Kent Community Health NHS Foundation Trust case study

Providing safe and effective interpreting services in healthcare

Kent Community Health NHS Foundation Trust (KCHFT) provides NHS care for the local community in a number of settings including; people’s own homes, nursing homes, health clinics, community hospitals, minor injury units and in mobile units. They are one of the largest NHS community health providers in England, serving a population of approximately two million and are located in a demographically diverse areas, so it’s essential that local communities are able to access the full range of NHS services, no matter their language. In order to achieve this, Capita Translation and Interpreting (Capita TI) provides a quality interpreting service to KCHFT.

Multilingual healthcare services

Charlotte Wood, an Engagement Manager at KCHFT, works with both staff, patients and external NHS and voluntary organisations to help improve access to health services.

“Interpreting is so important in healthcare because as a trust, we need to ensure that all patients are treated equally and to do that we need to meet their specific communication requirements. Interpreters are very important as they allow us to be confident that our patients are making informed decisions regarding their healthcare and wellbeing. It’s vital that all our staff understand how to access an interpreter, what services can be provided and what contingencies are in place. To achieve this, both Capita TI and the trust have developed guidance which is available on the trust’s intranet.” – Charlotte Wood

Qualified interpreters

All of our interpreters are qualified, experienced and can also possess certain clearance levels, ensuring a high-quality, professional service at all times.

“Interpreters are impartial, have a high level of English and will clearly interpret what is said on behalf of both parties. Family members, which have been used in the past, are not suitable as they could communicate their opinions, albeit with good intention; however, they are not always appropriate. If interpreters are not used appropriately and when necessary, many appointments could be wasted, and this would not just have an impact on the organisation’s time, but also its finances.” – Hana, Czech & Slovak interpreter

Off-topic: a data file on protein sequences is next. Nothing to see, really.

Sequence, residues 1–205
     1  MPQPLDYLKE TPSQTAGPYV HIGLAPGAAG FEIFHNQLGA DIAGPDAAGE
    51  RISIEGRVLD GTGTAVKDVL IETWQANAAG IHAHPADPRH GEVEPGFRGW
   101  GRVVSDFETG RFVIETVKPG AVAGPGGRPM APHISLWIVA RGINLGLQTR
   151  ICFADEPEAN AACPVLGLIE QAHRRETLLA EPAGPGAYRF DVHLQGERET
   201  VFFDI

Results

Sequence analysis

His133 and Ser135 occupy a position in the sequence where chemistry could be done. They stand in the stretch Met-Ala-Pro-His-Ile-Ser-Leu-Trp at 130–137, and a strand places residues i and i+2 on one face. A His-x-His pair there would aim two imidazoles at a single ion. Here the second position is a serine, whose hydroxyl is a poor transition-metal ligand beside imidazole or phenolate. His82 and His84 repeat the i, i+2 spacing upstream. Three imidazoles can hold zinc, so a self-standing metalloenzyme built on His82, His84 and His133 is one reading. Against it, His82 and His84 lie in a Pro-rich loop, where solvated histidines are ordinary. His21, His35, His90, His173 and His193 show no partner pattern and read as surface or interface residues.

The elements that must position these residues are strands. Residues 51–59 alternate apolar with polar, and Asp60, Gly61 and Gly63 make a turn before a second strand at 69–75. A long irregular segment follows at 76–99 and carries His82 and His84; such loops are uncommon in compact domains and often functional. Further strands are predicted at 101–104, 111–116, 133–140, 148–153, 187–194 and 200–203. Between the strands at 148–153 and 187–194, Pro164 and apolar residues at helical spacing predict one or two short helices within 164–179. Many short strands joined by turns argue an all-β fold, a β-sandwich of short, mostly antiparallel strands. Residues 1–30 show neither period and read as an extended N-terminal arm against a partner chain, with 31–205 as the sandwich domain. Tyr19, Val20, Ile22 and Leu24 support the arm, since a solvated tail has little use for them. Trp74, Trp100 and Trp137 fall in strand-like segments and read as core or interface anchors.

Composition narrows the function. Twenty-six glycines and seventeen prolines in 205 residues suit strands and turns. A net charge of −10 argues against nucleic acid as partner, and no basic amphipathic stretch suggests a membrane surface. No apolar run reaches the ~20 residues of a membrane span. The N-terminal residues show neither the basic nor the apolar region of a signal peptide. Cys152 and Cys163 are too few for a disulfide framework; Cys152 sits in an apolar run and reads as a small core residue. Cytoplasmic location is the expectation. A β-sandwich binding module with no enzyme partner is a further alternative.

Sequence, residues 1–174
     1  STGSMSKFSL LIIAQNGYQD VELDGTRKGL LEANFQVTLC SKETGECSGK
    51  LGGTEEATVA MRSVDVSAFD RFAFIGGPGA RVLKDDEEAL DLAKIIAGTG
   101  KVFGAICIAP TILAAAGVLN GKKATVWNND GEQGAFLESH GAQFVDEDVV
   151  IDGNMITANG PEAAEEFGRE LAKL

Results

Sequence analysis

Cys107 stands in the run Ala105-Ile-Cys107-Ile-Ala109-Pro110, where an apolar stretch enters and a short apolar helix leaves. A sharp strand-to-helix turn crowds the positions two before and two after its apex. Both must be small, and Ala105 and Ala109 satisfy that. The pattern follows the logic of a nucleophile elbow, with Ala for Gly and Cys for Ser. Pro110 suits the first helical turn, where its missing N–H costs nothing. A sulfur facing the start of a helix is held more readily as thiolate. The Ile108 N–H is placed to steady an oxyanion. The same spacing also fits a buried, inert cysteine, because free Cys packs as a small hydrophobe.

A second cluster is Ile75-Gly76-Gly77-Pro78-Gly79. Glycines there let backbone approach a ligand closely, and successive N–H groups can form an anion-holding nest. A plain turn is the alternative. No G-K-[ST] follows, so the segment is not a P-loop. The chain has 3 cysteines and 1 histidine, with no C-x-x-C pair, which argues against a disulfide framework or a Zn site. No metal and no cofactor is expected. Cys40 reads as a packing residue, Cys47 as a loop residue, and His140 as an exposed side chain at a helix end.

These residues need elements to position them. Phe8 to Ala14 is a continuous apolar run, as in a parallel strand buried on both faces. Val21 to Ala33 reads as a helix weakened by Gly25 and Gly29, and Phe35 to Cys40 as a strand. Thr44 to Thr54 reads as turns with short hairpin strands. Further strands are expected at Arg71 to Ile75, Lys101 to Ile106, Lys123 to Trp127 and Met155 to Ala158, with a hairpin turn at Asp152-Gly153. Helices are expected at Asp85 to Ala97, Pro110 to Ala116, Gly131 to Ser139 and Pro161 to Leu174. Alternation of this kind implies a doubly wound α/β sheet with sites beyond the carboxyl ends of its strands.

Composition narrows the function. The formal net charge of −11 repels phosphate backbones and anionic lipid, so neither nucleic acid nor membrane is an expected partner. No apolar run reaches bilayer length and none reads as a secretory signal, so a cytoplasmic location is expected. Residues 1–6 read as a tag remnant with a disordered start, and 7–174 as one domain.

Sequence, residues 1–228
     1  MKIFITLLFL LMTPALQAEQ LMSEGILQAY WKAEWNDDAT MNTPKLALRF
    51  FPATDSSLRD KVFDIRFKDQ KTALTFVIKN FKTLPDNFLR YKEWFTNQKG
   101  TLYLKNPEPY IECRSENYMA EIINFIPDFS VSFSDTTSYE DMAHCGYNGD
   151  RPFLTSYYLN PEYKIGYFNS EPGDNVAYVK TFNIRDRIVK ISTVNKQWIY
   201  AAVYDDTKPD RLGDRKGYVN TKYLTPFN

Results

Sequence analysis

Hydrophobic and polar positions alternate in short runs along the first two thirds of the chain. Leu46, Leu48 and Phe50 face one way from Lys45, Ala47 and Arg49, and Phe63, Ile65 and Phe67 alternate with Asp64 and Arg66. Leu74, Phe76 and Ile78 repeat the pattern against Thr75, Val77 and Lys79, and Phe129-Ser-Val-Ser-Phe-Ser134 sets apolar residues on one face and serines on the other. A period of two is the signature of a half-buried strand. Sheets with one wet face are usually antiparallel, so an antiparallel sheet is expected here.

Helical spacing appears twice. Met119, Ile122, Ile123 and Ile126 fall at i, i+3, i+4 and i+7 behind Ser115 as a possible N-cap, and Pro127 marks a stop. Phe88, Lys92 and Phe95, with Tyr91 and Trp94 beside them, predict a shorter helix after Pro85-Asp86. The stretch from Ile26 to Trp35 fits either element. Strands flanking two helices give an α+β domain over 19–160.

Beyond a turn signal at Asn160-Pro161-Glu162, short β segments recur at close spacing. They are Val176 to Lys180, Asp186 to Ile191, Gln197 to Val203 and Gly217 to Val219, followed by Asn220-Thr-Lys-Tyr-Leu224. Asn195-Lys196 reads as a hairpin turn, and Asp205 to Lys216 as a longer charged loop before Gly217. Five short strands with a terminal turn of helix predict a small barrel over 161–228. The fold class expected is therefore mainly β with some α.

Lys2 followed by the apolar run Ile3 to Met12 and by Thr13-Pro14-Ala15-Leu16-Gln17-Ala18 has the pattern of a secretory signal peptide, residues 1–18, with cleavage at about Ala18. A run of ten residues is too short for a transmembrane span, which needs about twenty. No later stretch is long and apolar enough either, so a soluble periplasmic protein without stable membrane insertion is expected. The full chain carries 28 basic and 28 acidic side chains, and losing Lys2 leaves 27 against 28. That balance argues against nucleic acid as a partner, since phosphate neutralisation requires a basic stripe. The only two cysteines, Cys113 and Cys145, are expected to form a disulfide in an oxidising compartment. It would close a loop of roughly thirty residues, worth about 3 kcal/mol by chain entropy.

It’s important that organisations delivering critical services such as healthcare, are confident that their patients can understand their condition and diagnosis in order to make informed decisions regarding any necessary investigations and/or treatment. For those who speak limited or no English, this can only be achieved with the help of qualified, experienced and secure interpreters.

At Capita TI, many freelance interpreters hold a Community Interpreting Certificate or Diploma in Public Service Interpreting (DPSI) which are nationally recognised interpreting qualifications; for languages where a DPSI is not available, interpreters must provide proof of other appropriate qualifications and experience. There are different levels of security checks available however the checks required of interpreters varies, dependent on which type of organisations interpreters are going to carry out assignments for. At Capita TI, Enhanced Disclosure and Security Barring (eDBS) is the very minimum security check acceptable to be a provider of services.

Face to face and remote interpreting

The traditional means of interpreting used in public sector is face to face, where an interpreter is physically present in order to allow the two parties to communicate. Face to face interpreting has its benefits, but we’re seeing an increase in the demand for immediacy – a sort of “on the go” or “on demand” service. And you can see why – many public sector organisations deal with urgent situations where timing is crucial, and that’s where telephone interpreting can help.

Our innovative remote interpreting service, Capita LiveLINK, is available in over 170 languages, and can be used 24 hours a day, allowing organisations to communicate with non-English speakers quickly, in any language, via any channel, at any time of day or night. In these pressing situations, telephone interpreting can help to quickly break down any language barriers, with the touch of a button.